Asia | China | North West | Dunhuang and the Mogao Caves – Dunhuang old and new
Dunhuang. The mystic name alone conjures up images of a bleak desert with broken pieces of the Great Wall, a solitary column of smoke rising into the navy sky studded with countless stars and a bright full moon, a melancholy poet turning back his head with each step and waving to friends sending him off from the last fort. This was the final frontier, a boundary between home and uncivilized and lonely place, and a barren land where millions of soldiers had been laid to rest while the western border of China stretched and shrank over the course of its history. For ages, Dunhuang had been, and continues to be the inspiration for a number of great works in Chinese literature and film.
Between the times when the tear-jerking phrases were written, Dunhuang had once been the throat of the Silk Road where caravans roamed and long bearded Persian merchants brought Islam into China. I had read and heard too much about his place to not be impressed. In fact, Dunhuang was the reason I included northwestern China in my itinerary.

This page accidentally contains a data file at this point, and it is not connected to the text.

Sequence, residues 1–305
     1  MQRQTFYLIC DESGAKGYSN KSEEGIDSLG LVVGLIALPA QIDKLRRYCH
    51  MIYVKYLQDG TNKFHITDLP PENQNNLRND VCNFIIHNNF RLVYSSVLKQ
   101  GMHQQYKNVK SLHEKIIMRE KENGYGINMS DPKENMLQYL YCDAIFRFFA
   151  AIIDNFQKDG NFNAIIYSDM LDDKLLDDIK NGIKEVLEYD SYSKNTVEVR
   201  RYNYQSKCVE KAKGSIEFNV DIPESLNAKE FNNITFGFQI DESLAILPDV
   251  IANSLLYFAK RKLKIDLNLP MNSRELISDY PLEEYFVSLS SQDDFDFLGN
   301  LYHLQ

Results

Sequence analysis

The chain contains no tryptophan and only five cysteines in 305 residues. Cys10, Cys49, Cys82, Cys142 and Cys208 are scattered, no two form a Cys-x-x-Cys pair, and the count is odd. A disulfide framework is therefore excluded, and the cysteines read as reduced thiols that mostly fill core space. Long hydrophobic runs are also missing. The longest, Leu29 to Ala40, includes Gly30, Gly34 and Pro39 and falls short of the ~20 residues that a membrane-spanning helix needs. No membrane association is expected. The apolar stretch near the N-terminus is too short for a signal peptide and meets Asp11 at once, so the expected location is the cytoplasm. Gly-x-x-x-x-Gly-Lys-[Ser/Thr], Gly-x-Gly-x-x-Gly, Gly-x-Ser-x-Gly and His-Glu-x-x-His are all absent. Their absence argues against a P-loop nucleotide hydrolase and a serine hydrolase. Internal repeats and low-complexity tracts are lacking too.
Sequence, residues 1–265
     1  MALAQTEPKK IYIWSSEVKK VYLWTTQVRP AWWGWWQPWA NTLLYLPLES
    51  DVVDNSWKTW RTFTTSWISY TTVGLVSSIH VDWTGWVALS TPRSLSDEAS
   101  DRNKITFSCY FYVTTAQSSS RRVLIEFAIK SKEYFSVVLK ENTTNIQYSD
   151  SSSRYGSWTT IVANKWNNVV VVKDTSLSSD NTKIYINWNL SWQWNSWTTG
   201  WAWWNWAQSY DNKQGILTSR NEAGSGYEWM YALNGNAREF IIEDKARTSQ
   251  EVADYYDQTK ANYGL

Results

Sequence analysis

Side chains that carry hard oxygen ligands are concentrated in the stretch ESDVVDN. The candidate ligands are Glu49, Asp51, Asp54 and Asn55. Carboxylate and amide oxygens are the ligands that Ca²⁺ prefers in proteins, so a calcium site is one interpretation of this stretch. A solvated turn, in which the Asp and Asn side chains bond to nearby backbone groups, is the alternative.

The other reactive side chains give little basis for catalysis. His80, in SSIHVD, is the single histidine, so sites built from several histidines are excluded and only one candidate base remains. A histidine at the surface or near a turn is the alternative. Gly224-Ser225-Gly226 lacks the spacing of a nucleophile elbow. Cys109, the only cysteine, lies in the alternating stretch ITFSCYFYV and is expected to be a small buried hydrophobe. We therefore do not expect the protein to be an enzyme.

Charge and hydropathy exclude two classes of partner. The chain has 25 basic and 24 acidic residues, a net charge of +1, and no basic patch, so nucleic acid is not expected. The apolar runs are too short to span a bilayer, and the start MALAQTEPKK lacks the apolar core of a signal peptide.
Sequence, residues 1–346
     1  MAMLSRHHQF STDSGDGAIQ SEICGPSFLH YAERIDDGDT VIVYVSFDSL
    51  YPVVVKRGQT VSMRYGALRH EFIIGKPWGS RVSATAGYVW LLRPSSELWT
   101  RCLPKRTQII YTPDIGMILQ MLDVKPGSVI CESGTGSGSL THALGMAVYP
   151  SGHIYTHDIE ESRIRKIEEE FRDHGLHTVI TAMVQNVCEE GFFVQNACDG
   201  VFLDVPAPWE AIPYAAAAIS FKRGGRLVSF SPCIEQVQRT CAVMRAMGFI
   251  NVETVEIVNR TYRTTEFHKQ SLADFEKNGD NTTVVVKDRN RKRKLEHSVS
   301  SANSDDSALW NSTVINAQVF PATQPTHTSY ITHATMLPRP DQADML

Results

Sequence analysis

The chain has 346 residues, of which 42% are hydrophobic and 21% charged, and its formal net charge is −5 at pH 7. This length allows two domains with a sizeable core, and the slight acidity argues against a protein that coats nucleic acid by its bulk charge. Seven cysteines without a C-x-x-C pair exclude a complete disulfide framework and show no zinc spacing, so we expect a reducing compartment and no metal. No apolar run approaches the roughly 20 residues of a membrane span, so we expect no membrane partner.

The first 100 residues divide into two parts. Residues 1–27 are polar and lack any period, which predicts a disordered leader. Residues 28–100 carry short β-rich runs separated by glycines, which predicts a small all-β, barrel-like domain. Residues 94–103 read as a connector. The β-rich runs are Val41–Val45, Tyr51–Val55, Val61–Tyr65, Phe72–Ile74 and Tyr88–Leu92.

When I woke up in the morning and looked out at the miles after miles of desert with a few occasional oases outside the train window, it was hard to believe that just a few days ago I was hiking in the lush alpine meadows of Langmusi.
Downtown Dunhuang looked just like Gejiu or Leshan. Modern store fronts and gleaming white brick buildings along the newly paved street are separated only by a couple turns from the small red brick houses and markets in the older neighborhoods. I was not the only one mesmerized by the ancient poems. Twenty years after it awoke to the calls of the new Silk Road pilgrims, the new Dunhuang now made its riches not from trading, but from hordes of tourists.